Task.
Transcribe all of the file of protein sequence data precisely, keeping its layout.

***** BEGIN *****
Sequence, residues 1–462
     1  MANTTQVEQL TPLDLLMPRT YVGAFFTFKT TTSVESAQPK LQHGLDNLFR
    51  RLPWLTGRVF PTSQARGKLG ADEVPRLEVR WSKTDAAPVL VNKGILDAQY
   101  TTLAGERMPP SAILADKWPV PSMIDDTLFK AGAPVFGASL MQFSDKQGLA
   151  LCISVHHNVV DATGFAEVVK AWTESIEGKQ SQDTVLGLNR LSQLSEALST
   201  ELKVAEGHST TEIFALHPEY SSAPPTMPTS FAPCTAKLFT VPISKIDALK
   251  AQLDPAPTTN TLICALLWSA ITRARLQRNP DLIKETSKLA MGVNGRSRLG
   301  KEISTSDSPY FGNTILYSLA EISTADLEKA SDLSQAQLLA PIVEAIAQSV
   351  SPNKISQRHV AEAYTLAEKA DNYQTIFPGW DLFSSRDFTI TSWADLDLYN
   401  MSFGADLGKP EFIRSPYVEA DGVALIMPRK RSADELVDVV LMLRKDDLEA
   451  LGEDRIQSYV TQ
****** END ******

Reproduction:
Sequence, residues 1–462
     1  MANTTQVEQL TPLDLLMPRT YVGAFFTFKT TTSVESAQPK LQHGLDNLFR
    51  RLPWLTGRVF PTSQARGKLG ADEVPRLEVR WSKTDAAPVL VNKGILDAQY
   101  TTLAGERMPP SAILADKWPV PSMIDDTLFK AGAPVFGASL MQFSDKQGLA
   151  LCISVHHNVV DATGFAEVVK AWTESIEGKQ SQDTVLGLNR LSQLSEALST
   201  ELKVAEGHST TEIFALHPEY SSAPPTMPTS FAPCTAKLFT VPISKIDALK
   251  AQLDPAPTTN TLICALLWSA ITRARLQRNP DLIKETSKLA MGVNGRSRLG
   301  KEISTSDSPY FGNTILYSLA EISTADLEKA SDLSQAQLLA PIVEAIAQSV
   351  SPNKISQRHV AEAYTLAEKA DNYQTIFPGW DLFSSRDFTI TSWADLDLYN
   401  MSFGADLGKP EFIRSPYVEA DGVALIMPRK RSADELVDVV LMLRKDDLEA
   451  LGEDRIQSYV TQ